Imagine being a fit and healthy 20-year-old and receiving a cancer diagnosis leaving you in fear of your life and “alienated” from you friends.
That was the reality for Shelly Rankin who, after experiencing what she thought was a cold that did not go away, was left in complete shock when her doctor told her she had Hodgkin’s lymphoma.
Having never heard of the disease, it took her a bit to register it was a potentially fatal form of cancer with, at the very least, a gruelling treatment road ahead.
“I just felt numb,” Ms Rankin says. “I was just like, ‘Oh. That’s cancer’.”
A week after the diagnosis around Easter last year, she was rushed to hospital with breathing difficulties and had 1.5 litres of fluid painfully drained from her lung.
Enduring six months and six rounds of chemotherapy Ms Rankin says, treatment aside, receiving a diagnosis like this in her twenties had an impact on her young life.
“Nobody really gets how intense it is to have to take on a disease with full-on treatments and everything. I felt alienated as I watched my friends go to uni while I felt stuck in mud taking one step at a time and hoping I would get through.”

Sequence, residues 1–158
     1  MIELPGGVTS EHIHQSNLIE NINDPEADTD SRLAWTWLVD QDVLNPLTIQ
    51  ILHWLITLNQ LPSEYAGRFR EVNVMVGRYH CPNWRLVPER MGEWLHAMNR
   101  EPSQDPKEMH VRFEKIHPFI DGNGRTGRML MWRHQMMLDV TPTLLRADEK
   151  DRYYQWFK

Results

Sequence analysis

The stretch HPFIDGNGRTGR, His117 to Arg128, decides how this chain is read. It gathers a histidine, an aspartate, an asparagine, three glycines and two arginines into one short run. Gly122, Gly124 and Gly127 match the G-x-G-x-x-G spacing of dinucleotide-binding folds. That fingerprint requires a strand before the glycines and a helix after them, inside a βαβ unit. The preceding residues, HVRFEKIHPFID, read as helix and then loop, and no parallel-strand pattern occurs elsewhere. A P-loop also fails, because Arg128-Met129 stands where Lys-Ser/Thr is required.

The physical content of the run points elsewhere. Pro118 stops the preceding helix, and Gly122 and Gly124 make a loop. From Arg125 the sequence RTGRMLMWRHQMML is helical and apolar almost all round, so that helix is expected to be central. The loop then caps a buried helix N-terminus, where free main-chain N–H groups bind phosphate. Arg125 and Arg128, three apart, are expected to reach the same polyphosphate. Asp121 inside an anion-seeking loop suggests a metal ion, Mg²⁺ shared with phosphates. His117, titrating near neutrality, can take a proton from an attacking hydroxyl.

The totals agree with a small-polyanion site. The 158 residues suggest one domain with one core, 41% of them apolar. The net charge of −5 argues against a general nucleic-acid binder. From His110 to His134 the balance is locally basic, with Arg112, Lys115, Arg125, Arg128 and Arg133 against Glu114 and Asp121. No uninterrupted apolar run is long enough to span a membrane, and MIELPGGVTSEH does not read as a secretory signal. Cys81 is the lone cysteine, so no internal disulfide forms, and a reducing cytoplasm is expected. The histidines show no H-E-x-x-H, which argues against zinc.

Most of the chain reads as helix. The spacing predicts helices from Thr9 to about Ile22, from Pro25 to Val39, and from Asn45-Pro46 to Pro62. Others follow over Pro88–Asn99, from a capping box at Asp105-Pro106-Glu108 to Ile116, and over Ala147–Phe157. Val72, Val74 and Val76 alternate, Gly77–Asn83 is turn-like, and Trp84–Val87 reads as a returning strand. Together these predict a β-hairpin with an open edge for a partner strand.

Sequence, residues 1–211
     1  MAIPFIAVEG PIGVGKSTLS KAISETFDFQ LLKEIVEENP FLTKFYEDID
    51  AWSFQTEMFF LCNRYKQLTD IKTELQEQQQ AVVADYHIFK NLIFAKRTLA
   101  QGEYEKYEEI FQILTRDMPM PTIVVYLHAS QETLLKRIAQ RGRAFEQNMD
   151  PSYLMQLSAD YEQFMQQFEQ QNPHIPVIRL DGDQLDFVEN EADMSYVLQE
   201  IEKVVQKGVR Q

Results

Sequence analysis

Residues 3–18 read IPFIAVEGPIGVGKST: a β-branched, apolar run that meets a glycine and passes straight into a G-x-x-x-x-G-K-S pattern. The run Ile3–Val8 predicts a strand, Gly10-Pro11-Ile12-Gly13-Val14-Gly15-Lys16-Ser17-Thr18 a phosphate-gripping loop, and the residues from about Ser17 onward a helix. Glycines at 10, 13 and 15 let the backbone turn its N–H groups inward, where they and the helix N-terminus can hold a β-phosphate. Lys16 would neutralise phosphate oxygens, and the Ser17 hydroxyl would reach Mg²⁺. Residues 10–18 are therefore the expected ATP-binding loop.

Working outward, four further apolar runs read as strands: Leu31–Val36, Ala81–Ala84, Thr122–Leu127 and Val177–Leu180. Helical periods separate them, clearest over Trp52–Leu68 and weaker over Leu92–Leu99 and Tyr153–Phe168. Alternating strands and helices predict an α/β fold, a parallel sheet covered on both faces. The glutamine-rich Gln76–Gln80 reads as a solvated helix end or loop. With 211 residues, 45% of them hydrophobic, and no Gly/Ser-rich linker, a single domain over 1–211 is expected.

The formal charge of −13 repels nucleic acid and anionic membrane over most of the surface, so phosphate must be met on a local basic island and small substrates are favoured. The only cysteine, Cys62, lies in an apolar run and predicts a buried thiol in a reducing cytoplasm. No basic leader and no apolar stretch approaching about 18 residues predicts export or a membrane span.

After treatment, the 21-year-old is in remission and finally able to think about moving forward with her life. “Blood tests and other scans have shown no evidence of cancer,” she says.
“I have six-monthly check-ups and monitors for symptoms, but as far as I know I am cancer free.”
Bloomhill Cancer Care was an integral part of Ms Rankin’s treatment and she says the organisation “just got it”.
“What’s helped me is having a community who understand. Even if they’re not your age or your cancer, people get it. You just talk to people and keep in touch; find like-minded people. We’re all a lot more mature than others our age.”
To help the Sunshine Coast charity continue its work, Bloomhill Cancer Care has launched its Greatest Need Appeal.
CEO Christopher John says 2022 marks 25 years of providing personalised support to those touched by cancer. “The Greatest Need Fund is for individuals or organisations who want to give but want their dollars to go toward the most urgent shortfalls, across any area of the organisation, from nurse wages to paying the main operating expenses,” he says.
“We are a community-based organisation and receive no ongoing government funding. Almost 100 per cent of our funding comes from our entrepreneurial endeavours and community donations.
“Over the past year, we have supported more than 1400 people and provided more than 7120 occasions of nursing, allied health care and wellness activities each year at our wellness centre in Buderim.”
In 2022 Bloomhill is also planning to renovate its Buderim wellness centre to provide more therapy rooms, client resources and spaces dedicated to those touched by cancer.
To donate visit bloomhill.com.au.